Today is my incredible mother’s 90th birthday!
While some physical issues could be easier for her, she is mentally quite sharp. She pays close attention to the current political circus, loves to stay up to date on world events, and has maintained a wonderful sense of humor. She is beloved by friends and family and holds a very special place in my children’s hearts.
What a life she’s had. In 1927, her hard working mother and “crazy” father drove a Model A all the way from West Virginia to to San Diego. From the way my Granny always told the story, they slept wherever they could, ate rattlesnakes my grandfather shot, and generally had a truly awful time. Granny would say, “it’s good your mother was a baby. It was a miserable trip.”
Apparently, my grandfather was a sketchy character and in nothing flat, my Granny was raising my mother single-handedly. A grocery checker at the local Piggly Wiggly, she was good natured, though single-minded and tough, never one to shy away from life just because her ‘no good husband skedaddled,” as she liked to say.
My mother was a real beauty. (She still is.) Exceptionally tall, she had perfect posture, a fresh, beautiful face, and lush, glossy, shoulder-length curls. As a kid, I once saw a glam photo of Rita Hayworth. I swear, my mother could have been her sister!
A championship tennis player, she quietly and humbly won numerous tournaments all over San Diego. One of my most favorite photos of her is a group shot with other young tennis players. Decked out in her tennis togs, she is tan, strong, fit, and has a radiant smile. I always appreciated that she’d had a brief but successful time on the tennis courts. There was something about that piece of her history that intrigued me. I used to imagine her strength, how she’d throw herself into every match, mapping out her game strategy for the win. I think this may be how I managed to develop my own problem solving abilities and I am grateful these traits somehow rubbed off on me.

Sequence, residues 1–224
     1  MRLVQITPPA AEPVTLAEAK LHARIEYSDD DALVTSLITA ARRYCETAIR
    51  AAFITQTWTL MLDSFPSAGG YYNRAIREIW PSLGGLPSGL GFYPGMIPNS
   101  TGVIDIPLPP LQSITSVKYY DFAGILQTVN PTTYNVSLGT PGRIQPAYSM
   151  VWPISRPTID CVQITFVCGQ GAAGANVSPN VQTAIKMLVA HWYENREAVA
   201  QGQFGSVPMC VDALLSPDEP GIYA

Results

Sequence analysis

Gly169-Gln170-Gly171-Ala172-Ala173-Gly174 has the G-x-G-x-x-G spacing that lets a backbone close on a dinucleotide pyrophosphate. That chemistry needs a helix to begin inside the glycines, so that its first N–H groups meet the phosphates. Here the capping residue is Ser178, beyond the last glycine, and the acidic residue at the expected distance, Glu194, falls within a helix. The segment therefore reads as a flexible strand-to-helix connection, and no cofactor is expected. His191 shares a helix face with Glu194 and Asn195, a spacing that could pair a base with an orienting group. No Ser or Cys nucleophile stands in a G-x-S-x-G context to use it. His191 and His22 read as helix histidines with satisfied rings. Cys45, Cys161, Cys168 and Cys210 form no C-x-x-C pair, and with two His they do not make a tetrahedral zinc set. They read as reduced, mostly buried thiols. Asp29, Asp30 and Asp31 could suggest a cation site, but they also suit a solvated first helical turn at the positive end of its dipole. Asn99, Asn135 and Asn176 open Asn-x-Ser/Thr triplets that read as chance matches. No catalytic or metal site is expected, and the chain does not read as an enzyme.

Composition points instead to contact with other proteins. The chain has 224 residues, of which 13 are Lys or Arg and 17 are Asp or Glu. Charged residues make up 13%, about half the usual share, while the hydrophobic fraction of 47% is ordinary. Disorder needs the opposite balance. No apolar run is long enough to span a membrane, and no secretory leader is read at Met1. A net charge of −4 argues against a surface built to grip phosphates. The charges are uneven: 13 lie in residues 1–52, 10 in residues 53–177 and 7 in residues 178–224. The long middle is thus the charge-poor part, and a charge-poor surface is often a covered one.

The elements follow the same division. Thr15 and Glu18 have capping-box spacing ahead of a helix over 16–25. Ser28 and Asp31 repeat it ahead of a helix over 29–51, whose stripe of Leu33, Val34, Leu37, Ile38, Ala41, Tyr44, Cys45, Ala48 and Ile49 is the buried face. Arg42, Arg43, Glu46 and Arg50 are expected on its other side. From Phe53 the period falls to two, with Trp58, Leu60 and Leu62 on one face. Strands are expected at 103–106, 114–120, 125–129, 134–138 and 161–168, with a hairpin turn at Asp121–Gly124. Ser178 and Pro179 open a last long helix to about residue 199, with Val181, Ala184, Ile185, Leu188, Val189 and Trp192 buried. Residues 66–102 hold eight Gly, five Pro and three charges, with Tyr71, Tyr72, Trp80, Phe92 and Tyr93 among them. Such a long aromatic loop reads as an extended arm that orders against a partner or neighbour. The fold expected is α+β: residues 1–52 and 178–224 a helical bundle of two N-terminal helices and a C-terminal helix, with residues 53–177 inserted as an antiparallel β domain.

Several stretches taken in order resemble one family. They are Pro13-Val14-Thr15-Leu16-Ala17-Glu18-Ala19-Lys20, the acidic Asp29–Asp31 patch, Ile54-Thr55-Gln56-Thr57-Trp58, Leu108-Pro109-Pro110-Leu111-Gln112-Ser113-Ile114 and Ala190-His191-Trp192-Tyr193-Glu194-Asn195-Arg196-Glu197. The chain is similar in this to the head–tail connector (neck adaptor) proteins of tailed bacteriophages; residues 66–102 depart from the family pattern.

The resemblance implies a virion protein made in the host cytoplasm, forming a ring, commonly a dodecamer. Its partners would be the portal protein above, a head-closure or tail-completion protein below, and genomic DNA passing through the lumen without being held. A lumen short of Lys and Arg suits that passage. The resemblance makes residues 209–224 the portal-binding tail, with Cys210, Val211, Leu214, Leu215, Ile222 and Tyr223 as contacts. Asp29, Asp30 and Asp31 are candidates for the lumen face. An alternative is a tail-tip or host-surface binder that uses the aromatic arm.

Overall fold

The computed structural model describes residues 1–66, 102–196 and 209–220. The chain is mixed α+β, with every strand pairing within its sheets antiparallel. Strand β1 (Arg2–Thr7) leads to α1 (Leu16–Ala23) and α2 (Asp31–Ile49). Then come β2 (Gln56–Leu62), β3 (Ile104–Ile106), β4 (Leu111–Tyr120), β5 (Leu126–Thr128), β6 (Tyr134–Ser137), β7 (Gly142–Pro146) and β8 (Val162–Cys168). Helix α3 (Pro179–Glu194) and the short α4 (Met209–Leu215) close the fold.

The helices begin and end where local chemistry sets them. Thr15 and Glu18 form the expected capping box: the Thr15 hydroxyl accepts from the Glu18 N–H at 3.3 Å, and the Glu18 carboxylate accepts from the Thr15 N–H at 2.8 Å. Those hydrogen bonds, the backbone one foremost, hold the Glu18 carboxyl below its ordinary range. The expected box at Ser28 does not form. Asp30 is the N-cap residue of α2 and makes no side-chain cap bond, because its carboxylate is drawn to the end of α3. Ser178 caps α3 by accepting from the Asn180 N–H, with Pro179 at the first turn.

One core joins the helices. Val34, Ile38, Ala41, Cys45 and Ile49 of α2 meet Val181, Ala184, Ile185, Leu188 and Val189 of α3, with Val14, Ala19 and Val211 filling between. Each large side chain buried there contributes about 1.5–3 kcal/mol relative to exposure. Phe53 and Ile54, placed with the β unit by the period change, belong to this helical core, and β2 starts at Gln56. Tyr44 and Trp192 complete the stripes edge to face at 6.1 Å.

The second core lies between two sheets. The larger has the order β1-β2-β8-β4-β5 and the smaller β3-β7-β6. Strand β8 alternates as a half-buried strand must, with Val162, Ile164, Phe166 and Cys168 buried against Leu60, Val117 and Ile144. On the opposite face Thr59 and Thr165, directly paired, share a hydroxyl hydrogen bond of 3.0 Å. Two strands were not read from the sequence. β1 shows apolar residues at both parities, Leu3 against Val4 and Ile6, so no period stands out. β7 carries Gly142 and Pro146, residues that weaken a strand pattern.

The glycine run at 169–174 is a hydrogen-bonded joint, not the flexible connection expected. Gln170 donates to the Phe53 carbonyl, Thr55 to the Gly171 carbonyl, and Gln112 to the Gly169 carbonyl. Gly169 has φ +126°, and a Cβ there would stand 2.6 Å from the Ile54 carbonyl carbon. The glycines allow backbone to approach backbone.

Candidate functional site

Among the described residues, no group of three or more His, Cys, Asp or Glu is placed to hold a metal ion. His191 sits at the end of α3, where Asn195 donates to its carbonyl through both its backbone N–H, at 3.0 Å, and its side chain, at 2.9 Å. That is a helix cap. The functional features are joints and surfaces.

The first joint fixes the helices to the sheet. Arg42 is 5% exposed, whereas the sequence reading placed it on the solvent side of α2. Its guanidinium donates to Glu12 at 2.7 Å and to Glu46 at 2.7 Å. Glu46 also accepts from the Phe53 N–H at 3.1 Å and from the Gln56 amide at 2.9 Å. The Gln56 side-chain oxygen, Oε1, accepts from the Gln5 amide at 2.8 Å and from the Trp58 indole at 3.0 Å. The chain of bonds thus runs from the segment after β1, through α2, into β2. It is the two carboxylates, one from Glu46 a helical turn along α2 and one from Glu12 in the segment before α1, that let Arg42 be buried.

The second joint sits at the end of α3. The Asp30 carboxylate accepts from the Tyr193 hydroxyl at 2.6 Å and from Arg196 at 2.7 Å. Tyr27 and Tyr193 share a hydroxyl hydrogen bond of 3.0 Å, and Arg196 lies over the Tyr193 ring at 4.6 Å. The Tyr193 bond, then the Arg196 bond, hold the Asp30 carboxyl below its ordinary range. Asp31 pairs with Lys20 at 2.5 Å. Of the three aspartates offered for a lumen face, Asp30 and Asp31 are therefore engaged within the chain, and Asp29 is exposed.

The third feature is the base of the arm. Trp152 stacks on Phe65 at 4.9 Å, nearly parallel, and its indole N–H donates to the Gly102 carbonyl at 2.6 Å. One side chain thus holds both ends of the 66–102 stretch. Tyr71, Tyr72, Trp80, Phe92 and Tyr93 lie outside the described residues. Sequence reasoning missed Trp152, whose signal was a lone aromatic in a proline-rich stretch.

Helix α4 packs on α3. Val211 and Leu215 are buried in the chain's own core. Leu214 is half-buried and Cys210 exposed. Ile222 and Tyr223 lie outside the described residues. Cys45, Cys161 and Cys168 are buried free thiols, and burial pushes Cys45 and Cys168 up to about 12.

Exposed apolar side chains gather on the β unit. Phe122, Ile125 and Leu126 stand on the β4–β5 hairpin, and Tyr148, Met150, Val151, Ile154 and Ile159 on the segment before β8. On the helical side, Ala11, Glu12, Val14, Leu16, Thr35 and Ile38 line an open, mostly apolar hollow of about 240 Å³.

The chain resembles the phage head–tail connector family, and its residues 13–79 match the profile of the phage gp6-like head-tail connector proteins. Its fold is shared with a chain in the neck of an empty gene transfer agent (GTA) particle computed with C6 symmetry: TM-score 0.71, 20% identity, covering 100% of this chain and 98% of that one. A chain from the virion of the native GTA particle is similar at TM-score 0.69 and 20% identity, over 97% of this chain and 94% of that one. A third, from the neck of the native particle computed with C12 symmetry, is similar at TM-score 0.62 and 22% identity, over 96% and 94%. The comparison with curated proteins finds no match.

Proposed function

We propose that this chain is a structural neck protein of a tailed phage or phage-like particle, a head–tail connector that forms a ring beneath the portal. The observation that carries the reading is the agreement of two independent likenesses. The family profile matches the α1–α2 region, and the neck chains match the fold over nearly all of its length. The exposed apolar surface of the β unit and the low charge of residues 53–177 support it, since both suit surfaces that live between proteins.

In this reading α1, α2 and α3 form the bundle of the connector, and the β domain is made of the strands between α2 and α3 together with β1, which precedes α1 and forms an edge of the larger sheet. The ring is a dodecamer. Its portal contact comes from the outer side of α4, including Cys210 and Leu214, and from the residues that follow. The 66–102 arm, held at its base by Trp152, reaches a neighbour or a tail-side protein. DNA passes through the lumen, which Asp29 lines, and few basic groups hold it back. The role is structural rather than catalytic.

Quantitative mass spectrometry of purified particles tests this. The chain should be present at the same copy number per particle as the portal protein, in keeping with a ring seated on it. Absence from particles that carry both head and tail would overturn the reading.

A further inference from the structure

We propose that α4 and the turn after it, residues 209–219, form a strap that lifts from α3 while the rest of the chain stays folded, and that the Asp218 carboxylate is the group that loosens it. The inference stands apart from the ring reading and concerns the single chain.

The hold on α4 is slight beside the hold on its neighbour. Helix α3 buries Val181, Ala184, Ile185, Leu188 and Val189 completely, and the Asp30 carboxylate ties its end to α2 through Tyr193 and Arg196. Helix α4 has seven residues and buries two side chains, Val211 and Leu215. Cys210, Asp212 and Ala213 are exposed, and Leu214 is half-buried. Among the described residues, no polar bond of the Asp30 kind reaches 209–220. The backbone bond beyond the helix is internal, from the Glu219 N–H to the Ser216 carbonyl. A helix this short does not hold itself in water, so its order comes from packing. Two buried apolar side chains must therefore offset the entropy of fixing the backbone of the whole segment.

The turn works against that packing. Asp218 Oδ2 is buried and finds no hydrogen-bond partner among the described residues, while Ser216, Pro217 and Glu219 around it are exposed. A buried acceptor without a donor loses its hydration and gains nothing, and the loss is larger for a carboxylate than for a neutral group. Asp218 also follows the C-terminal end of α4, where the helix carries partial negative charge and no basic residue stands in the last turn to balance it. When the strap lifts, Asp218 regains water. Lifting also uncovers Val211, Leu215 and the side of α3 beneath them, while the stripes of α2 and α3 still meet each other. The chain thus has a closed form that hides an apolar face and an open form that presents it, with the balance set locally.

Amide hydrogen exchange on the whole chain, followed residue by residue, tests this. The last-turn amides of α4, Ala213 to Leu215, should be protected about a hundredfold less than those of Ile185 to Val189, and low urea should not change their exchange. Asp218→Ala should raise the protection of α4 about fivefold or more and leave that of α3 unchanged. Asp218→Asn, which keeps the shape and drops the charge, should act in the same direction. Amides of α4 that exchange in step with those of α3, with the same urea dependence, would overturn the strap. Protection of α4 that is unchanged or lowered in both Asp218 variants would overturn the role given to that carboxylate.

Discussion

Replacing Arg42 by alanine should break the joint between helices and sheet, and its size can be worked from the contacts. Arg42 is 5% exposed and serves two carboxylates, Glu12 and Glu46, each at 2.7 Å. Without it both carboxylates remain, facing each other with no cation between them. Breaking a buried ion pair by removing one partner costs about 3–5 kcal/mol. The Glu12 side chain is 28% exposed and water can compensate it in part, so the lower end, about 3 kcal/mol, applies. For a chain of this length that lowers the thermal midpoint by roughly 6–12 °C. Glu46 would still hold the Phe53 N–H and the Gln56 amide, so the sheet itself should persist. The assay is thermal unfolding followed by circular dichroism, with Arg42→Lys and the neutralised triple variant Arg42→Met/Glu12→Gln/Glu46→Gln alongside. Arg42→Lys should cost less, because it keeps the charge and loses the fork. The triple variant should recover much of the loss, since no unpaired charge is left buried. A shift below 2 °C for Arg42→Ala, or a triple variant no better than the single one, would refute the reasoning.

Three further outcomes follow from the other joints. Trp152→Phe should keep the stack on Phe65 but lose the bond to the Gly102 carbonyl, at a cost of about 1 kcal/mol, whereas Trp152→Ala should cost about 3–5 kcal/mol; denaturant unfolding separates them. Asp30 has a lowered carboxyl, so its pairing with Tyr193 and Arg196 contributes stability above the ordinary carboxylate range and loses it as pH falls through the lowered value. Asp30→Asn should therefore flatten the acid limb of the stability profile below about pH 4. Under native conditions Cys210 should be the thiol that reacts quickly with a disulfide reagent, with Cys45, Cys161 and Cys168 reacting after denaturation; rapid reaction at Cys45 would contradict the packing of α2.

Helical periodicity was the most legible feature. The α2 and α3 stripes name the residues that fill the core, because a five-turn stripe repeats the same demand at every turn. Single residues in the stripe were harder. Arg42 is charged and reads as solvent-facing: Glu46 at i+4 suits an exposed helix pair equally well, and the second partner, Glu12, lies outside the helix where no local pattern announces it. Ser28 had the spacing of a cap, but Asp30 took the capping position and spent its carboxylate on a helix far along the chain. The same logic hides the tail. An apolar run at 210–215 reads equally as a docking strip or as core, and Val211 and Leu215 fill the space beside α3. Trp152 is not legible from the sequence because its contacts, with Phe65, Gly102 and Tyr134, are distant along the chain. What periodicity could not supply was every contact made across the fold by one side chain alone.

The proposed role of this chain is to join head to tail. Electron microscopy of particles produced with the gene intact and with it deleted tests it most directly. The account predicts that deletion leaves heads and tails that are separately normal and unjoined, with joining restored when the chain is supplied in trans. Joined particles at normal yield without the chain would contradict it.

Another memorable story from her youth was when she was Homecoming Queen. My grandmother certainly didn’t have the money to buy her a formal gown but, creative thinker that my mother was, she borrowed a dress from her best friend. The only problem? My mother was about ten inches taller than her dear friend. Her solution? When riding on the float in the Homecoming parade she never stood up!
Soon after graduating, the Homecoming Queen would meet and marry her rival high school’s star basketball player. They met at a beach party and my father, a dynamic and charming young man with a full head of red hair, swept her off her feet. The only problem was that the poor guy was simply never cutout for marriage.
Eventually they would divorce and she would do exactly what her mother had done, raise two kids on a shoestring budget. But thanks to her grit and good humor, she carried all of us through.
Just imagine what it took for her to pack up two young children and a few belongings into a 1951 Ford, drive 800 miles away, to work 16 hours a day at a ski lodge in the Sierra Nevada mountains. We lived in a two room cabin, had a wood burning stove, bathed in the big laundry sink in the lodge’s basement, and ate with all of the employees in the staff dining room. My brother and I were in heaven, free to roam wherever we wanted, while my poor mother worked her fingers to the bone managing the desk, cleaning rooms and cabins, and handling the books. Talk about grit!
Fortunately, things would eventually get a little easier for her. We returned to San Diego and my mother became surely the most well liked checker at a large grocery store. (Her line was always the longest because yes, she was just that friendly!) A relentlessly hard worker, she helped both of her children get their college educations. Always an exceptional grandmother, in her sixties she re-married and for many years traveled the globe with her husband.
Life isn’t particularly easy at 90 for anyone. But I have to say that my mother’s grace, tenacity, and kind heart continue to help her through the journey. We are all so grateful for who she is and what she has given us.
Happy Birthday, Mom! I love you!